Designed by Sam Ovens, the Cloudy Bay Garden is inspired by Cloudy Bay’s 30 year wine making heritage. Built by The Outdoor Room it includes a secluded red cedar timber retreat with a boardwalk cantilevered over a reflective pool. At the show’s completion the garden elements will be donated to Horation’s Garden, a charity that creates gardens in NHS spinal injury centers. Bravo!
The Telegraph Garden is inspired by geological events that shape our landscape. Designed by Andy Sturgeon FSGD the garden represents a captured landscape within a larger wilder setting. Built by Crocus dramatic bronze fins represent an ancient mountain range with a stream of melting water traveling through the gorge below.
Vestra Wealth’s Garden of Mindful Living was designed by Paul Martin for a client that lives within a city. It is inspired by the Zen and Yoga of Eastern cultures and offers a calm space to unwind after the hustle and bustle of working in the city. Built by Beautiful Horizon Landscape the garden includes Corten Steel, grey splashed limestone and large multi stemmed trees for dappled shade.
The Husqvarna Garden includes a sunken lawn and beautifully sculpted evergreens. Designed by Charlie Albone it also includes a water rill that runs around the garden for the added element of sound and movement. Built by Conway landscaping the garden includes a a floating cantilevered structure and blue stone cobble pathways.
The Watahan East and West Garden was designed by Chihori Shibayama and Yano Tea the garden is inspired by their combined Japanese and English experiences. Built by Landform Consultants and Watahan Design Lab the Zen gardens and asymmetrical bonsai forms are combined with the dense perennial gardens England is best known for. Two water features within the garden represent the Pacific and the Atlantic oceans.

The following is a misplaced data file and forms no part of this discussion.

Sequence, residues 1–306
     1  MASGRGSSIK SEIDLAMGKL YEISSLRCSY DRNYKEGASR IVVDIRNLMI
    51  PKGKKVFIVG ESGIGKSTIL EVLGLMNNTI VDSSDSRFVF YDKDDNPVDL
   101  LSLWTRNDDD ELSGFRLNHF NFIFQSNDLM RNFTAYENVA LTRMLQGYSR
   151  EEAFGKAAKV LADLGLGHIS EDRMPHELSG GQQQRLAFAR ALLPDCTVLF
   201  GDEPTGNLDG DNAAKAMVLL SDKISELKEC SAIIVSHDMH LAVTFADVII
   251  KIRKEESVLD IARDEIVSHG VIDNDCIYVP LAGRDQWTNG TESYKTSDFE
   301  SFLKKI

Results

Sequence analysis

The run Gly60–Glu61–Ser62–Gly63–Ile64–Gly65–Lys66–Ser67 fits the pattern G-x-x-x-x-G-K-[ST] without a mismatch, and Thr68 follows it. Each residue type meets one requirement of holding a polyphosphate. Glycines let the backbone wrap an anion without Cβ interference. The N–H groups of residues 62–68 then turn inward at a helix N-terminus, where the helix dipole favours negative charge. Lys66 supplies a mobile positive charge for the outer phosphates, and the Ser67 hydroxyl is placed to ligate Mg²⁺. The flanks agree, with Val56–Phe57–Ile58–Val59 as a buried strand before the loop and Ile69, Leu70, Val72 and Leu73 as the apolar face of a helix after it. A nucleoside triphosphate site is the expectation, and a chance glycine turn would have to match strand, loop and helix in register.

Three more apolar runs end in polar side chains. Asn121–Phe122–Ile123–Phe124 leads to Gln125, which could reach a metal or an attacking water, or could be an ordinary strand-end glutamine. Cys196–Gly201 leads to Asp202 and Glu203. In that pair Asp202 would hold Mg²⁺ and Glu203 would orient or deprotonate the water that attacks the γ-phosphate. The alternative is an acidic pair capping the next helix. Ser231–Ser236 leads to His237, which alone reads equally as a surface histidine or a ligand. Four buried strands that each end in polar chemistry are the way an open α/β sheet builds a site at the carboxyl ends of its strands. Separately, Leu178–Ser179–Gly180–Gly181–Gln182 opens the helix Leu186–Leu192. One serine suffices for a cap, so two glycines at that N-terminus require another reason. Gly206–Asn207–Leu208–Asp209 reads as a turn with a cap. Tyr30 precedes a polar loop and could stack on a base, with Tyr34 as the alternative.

The Winton Beauty of Mathematics Garden, designed by Nick Bailey and built by Gardenlink is a celebration of the beauty of mathematics and algorithms. A garden where logistics and beauty come together in an balance of left and right brain though it takes on different functions from its bench to its stair banister, to planters and overflowing garden beds. As someone who is ambidextrous this garden really speaks to the equal parts of creativity and logic within me.
Feature Garden Designs
the RHS Greening Grey Britain for Health, Happiness and Horticulture is the Chelsea Flower Show feature garden for 2016. Designed by Ann-Maire Powell and built by Outdoor Room revels in the greening up of grey spaces. It is the first ever walk through exhibit and demonstrates how direct contact with plants and gardens is vital to our souls. Included in the garden are bright borders, benches,a water feature, a bee friendly wildflower meadow, edible potted plants and a kitchen garden.